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One in ten couch potatoes are really task chair potatoes

Steven Kim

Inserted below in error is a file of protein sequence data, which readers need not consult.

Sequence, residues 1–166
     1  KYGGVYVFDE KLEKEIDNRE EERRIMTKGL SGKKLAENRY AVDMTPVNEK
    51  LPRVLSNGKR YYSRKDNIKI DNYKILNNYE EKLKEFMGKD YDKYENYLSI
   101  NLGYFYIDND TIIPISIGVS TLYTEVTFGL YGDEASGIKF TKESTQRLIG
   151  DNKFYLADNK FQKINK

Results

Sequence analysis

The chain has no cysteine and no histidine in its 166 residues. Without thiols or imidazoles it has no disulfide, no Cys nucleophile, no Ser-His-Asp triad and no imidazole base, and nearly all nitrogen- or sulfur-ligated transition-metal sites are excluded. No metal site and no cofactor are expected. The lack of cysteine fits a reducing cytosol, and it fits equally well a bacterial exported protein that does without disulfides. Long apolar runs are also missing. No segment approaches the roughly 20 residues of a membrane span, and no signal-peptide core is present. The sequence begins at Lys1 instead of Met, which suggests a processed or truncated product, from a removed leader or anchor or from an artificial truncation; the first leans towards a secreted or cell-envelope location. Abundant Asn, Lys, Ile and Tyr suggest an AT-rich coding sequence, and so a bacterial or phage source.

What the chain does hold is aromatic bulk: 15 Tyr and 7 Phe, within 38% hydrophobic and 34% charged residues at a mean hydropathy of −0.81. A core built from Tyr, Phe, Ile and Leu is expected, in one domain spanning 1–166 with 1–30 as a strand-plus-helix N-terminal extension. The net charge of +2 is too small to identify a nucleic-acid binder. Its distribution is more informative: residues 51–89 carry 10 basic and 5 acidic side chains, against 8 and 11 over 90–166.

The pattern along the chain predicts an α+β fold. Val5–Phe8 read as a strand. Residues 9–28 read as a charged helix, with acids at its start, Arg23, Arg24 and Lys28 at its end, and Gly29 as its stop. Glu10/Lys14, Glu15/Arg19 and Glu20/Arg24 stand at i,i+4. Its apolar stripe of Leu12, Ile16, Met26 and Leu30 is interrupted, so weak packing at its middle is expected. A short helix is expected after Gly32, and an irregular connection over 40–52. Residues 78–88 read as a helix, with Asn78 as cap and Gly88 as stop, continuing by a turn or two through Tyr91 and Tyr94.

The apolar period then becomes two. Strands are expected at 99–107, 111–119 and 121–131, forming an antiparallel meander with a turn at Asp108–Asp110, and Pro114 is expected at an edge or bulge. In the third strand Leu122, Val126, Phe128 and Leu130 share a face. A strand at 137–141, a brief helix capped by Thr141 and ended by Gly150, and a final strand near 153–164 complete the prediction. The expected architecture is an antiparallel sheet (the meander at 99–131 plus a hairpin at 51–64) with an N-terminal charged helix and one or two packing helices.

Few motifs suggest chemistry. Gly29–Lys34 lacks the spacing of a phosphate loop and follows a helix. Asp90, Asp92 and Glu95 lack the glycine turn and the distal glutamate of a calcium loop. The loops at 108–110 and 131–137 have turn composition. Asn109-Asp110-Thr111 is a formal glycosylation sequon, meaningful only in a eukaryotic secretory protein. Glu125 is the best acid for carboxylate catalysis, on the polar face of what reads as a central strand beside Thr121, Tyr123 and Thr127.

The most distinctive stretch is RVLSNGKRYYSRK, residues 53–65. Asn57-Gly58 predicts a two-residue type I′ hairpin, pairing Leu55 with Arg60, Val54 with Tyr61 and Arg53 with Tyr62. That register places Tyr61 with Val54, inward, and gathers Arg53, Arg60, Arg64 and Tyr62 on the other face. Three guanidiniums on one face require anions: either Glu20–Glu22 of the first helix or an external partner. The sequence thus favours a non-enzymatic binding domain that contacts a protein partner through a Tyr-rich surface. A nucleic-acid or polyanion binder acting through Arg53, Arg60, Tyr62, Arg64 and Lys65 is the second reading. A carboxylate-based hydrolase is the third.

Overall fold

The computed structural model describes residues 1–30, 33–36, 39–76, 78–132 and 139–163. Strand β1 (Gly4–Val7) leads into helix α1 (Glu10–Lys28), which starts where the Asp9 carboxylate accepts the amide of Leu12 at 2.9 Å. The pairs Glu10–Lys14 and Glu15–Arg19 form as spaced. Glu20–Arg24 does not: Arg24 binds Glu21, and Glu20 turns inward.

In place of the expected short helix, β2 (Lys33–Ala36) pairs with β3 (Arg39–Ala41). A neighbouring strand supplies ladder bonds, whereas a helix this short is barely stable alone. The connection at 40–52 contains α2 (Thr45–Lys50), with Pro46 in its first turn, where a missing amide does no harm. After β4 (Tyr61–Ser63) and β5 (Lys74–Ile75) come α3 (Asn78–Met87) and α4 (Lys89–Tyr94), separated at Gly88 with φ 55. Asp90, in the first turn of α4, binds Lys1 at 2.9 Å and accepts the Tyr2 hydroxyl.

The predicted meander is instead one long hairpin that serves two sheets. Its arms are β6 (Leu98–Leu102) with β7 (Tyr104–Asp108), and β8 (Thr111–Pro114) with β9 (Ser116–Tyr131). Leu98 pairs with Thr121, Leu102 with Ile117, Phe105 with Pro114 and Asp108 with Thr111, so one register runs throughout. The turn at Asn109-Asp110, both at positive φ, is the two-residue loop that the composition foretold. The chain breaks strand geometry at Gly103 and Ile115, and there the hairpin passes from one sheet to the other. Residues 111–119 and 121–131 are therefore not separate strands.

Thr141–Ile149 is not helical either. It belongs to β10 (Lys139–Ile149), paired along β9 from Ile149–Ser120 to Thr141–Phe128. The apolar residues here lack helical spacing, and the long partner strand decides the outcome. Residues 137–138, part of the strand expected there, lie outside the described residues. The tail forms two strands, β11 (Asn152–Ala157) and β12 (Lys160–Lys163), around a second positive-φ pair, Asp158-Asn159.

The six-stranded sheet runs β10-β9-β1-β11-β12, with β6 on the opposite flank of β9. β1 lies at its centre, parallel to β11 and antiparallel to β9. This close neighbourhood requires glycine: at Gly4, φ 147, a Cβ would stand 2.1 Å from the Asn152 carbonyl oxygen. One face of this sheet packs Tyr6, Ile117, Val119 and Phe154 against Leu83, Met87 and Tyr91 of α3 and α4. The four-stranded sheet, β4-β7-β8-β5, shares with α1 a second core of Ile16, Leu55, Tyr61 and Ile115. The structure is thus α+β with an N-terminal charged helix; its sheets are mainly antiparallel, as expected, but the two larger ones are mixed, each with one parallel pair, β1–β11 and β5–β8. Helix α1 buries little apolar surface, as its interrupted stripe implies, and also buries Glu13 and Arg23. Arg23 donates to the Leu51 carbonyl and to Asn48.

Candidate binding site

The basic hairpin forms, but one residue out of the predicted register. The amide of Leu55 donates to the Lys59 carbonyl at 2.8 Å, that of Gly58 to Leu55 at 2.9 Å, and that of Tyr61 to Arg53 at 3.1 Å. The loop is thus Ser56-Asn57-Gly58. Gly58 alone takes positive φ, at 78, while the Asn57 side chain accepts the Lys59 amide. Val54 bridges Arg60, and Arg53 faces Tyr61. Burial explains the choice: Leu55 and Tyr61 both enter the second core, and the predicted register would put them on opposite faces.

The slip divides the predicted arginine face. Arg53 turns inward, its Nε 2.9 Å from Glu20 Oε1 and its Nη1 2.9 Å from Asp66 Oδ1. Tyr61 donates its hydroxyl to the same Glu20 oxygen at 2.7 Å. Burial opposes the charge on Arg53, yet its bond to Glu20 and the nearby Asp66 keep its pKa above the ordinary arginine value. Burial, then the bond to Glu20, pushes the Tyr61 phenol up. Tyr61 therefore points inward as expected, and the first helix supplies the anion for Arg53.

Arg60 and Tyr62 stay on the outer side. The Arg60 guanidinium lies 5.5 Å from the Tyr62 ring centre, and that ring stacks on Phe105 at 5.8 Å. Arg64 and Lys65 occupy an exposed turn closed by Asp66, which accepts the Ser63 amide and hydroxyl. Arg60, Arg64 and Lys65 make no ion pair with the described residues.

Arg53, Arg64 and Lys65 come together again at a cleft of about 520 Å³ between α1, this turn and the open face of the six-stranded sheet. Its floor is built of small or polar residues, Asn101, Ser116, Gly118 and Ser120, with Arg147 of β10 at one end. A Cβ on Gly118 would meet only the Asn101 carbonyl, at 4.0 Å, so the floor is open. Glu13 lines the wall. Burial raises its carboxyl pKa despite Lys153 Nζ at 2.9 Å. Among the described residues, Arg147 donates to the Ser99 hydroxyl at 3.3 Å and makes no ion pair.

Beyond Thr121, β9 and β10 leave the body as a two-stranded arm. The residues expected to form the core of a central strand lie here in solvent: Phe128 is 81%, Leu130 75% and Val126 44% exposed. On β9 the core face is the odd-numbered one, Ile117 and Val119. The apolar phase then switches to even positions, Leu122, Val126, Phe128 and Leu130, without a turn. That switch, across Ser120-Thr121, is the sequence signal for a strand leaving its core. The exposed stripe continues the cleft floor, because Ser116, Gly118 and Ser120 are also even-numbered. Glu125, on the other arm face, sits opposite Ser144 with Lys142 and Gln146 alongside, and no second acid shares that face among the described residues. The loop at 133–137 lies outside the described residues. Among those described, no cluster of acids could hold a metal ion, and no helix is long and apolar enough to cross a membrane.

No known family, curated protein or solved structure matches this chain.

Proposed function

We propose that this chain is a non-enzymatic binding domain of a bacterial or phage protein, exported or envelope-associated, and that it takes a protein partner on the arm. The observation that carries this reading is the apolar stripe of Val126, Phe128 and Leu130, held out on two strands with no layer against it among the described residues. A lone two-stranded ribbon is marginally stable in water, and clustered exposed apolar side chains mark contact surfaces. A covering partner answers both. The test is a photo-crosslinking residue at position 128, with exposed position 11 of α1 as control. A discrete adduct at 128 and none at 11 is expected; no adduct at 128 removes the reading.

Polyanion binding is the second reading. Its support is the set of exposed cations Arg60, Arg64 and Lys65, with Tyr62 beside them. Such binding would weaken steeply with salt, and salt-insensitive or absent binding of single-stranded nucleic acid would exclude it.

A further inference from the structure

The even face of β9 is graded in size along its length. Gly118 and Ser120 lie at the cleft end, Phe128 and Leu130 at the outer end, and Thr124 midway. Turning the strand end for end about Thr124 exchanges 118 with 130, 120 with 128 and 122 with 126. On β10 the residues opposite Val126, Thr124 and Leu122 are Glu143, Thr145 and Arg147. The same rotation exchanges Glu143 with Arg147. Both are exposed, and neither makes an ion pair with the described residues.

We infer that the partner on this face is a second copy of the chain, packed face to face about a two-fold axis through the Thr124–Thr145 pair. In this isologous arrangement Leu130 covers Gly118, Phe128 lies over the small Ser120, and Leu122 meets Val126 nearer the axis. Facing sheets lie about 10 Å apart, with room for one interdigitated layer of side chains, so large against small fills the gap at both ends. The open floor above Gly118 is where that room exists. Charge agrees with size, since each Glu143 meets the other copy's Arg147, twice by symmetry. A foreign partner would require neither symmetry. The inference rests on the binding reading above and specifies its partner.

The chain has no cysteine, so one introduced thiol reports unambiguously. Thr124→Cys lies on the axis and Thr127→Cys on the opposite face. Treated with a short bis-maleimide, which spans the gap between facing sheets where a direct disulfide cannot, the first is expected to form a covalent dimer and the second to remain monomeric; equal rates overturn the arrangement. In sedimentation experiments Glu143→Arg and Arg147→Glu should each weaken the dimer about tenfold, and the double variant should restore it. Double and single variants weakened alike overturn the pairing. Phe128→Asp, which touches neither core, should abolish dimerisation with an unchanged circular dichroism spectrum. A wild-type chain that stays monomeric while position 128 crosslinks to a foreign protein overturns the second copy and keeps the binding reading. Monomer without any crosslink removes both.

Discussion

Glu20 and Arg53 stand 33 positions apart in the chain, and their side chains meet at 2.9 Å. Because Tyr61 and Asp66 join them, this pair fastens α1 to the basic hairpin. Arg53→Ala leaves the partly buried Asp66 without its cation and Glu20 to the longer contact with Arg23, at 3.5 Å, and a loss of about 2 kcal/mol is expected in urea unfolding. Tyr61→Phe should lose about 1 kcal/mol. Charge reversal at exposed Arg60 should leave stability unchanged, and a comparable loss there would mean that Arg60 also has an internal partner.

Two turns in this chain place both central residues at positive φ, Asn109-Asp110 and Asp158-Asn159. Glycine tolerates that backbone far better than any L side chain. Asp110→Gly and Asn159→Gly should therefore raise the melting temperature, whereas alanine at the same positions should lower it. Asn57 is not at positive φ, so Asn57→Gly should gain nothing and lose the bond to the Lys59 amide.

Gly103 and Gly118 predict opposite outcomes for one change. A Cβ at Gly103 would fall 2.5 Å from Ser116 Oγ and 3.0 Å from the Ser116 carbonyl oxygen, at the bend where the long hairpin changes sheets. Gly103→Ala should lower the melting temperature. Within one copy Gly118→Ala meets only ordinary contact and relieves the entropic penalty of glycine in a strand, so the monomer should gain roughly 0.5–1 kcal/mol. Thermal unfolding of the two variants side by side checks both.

A study by the Convergence Consulting Group, aptly titled "The Battle for the North American Couch Potato," shows that nine percent of full-episode TV programs are being soaked up in front of a computer. The figure is expected to rise to 23-percent by 2010, and the study show where there's room for growth -- full-length content. The task chair potato's diet consists of short clips, with a full 75-percent of the clips originating from TV content. Obviously, people like the content being pumped out by the studios, but where are the profits? We've seen evidence that online ads are just as effective as broadcast ones, so the question becomes how studios can use online distribution to increase rather than simply shift profits. So where do you think the tipping point is?

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